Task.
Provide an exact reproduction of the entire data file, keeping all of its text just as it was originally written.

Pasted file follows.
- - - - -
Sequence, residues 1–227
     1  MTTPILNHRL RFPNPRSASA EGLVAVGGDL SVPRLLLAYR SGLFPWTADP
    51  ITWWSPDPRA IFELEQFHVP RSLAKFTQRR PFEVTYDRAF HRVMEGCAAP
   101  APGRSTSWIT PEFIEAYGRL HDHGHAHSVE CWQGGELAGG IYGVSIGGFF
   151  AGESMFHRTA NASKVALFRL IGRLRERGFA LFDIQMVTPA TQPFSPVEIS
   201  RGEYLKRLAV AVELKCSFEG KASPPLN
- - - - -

Sequence, residues 1–227
     1  MTTPILNHRL RFPNPRSASA EGLVAVGGDL SVPRLLLAYR SGLFPWTADP
    51  ITWWSPDPRA IFELEQFHVP RSLAKFTQRR PFEVTYDRAF HRVMEGCAAP
   101  APGRSTSWIT PEFIEAYGRL HDHGHAHSVE CWQGGELAGG IYGVSIGGFF
   151  AGESMFHRTA NASKVALFRL IGRLRERGFA LFDIQMVTPA TQPFSPVEIS
   201  RGEYLKRLAV AVELKCSFEG KASPPLN